More government subsidies for childcare services.
What: The subsidies, which were handed out from April, are for working mothers and tiered according to household income, with the lower-income families receiving the most support.
Families with monthly household incomes of $2,500 or less will be subsidised up to $740 a month, making childcare virtually free as median fees are about $750.
Why: The move is aimed at helping low- to middle-income families cope with childcare costs and encourage families to have children.
New tender criteria for operators bidding for HDB sites.
What: Putting up the highest bid no longer guarantees a commercial operator a much-coveted HDB site.
The authorities now look at a range of factors, such as the quality of its programmes and its fees, under the new tender criteria. The bid price makes up only half the score.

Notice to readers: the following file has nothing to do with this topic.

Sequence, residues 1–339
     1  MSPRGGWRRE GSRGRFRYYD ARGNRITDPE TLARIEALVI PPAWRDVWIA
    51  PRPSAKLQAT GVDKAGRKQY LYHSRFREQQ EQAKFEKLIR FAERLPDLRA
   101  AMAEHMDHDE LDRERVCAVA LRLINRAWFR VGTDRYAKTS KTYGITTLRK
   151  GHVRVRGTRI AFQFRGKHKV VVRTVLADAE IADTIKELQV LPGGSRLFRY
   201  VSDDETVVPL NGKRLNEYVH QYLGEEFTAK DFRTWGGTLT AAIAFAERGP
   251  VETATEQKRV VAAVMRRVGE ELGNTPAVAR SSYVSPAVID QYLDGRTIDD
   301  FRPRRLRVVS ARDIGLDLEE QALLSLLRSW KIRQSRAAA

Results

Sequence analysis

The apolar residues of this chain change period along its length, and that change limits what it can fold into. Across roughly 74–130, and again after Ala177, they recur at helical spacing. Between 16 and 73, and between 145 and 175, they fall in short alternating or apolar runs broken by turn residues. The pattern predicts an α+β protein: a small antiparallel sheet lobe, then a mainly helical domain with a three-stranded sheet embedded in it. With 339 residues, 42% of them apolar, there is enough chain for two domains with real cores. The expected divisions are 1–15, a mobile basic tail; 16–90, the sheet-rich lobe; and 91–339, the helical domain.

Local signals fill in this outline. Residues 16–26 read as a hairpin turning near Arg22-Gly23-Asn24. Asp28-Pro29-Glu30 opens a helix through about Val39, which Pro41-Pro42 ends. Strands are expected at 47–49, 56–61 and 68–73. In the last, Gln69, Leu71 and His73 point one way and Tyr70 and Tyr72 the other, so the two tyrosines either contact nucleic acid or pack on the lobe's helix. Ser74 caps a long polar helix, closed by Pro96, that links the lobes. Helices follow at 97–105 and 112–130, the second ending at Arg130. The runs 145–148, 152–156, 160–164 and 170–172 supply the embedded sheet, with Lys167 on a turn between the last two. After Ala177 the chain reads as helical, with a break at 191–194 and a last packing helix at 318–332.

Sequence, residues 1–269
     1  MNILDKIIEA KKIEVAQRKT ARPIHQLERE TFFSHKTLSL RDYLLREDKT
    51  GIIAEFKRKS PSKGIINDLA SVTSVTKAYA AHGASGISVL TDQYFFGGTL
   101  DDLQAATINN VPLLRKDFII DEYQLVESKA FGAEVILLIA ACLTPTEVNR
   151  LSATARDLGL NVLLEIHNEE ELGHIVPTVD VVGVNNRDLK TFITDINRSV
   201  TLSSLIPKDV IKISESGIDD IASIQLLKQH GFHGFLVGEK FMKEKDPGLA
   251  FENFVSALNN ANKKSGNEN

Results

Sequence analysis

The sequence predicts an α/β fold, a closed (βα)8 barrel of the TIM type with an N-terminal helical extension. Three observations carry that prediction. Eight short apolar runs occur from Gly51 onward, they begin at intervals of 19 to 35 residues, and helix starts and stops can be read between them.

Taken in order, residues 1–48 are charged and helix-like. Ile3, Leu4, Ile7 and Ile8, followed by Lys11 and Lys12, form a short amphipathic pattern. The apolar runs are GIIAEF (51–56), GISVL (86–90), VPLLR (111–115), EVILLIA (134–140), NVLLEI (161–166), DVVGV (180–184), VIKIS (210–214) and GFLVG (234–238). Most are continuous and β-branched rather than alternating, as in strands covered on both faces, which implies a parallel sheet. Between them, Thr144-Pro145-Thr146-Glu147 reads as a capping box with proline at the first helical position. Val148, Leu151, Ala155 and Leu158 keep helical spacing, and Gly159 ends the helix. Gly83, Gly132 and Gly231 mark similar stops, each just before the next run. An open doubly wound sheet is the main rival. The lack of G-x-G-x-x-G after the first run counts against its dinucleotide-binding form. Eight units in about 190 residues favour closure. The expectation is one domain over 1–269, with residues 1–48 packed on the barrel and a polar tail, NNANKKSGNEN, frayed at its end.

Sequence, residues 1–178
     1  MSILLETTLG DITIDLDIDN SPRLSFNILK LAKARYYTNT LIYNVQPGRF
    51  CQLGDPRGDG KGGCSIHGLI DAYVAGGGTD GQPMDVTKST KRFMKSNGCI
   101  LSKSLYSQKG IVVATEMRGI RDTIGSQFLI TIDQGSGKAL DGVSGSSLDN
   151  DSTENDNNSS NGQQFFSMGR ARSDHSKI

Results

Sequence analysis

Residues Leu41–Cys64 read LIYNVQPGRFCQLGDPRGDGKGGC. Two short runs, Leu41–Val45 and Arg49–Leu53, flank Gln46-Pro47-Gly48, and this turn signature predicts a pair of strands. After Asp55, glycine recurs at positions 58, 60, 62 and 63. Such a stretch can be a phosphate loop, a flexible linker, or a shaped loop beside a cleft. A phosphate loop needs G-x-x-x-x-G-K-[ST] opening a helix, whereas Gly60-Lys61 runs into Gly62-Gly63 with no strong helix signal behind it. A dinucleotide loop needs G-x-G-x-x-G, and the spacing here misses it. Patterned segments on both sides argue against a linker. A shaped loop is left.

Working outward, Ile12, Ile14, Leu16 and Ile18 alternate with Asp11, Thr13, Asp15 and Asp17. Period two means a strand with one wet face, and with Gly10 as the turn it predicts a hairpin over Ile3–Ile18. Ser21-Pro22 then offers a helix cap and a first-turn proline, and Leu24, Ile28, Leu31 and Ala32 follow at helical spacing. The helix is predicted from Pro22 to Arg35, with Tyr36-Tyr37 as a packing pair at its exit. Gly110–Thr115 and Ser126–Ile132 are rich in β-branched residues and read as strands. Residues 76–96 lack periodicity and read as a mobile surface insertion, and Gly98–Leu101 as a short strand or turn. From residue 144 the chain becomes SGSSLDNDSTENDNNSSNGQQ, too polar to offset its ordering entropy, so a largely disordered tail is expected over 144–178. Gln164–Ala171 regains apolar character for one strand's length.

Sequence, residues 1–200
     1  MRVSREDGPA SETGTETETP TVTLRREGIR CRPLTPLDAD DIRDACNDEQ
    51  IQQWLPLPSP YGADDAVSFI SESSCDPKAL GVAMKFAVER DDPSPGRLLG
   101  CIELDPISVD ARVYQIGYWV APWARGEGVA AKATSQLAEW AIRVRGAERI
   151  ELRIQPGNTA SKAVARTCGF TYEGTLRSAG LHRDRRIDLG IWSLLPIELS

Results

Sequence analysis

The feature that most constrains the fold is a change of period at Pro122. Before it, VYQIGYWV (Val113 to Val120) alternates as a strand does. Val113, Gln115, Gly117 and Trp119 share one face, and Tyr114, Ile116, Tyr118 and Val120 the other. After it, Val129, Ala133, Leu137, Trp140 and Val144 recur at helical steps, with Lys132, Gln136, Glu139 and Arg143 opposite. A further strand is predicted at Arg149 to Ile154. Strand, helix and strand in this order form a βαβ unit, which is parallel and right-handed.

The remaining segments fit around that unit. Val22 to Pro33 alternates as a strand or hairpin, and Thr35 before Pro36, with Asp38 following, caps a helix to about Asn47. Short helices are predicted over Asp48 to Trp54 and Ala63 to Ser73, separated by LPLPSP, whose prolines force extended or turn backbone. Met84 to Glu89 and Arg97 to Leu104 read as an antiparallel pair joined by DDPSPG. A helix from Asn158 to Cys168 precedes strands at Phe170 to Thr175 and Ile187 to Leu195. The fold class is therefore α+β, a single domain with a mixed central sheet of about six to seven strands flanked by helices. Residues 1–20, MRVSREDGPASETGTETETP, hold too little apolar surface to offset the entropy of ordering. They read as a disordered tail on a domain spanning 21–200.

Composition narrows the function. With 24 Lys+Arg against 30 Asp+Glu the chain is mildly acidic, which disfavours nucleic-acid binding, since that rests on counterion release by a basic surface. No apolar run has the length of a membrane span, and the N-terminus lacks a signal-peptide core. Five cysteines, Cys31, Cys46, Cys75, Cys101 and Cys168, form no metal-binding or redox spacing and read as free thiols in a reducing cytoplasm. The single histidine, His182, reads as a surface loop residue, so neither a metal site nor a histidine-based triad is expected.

Why: This could lead to more affordable childcare services.
The previous practice of awarding HDB sites based solely on price had sparked bidding wars among operators and often led to higher fees for parents.
Anchor operator scheme expanded to include for-profit operators.
What: The scheme was previously opened only to non-profit operators. The anchor operators - usually the bigger players - get government help such as rental subsidies and priority in securing HDB premises.
In exchange, they have to keep fees below the industry median, which is about $788 a month for a full-day childcare programme.
Currently, there are two anchor operators, NTUC's My First Skool and the PAP Community Foundation.
Under the new scheme, commercial operators can also apply for grants to set up centres in the heartland.
They are required to keep fees below $720 a month for full-day childcare. The new anchor operators will be made known at year's end.
Why: The move is aimed at providing cheaper and better pre-school programmes for the mass market.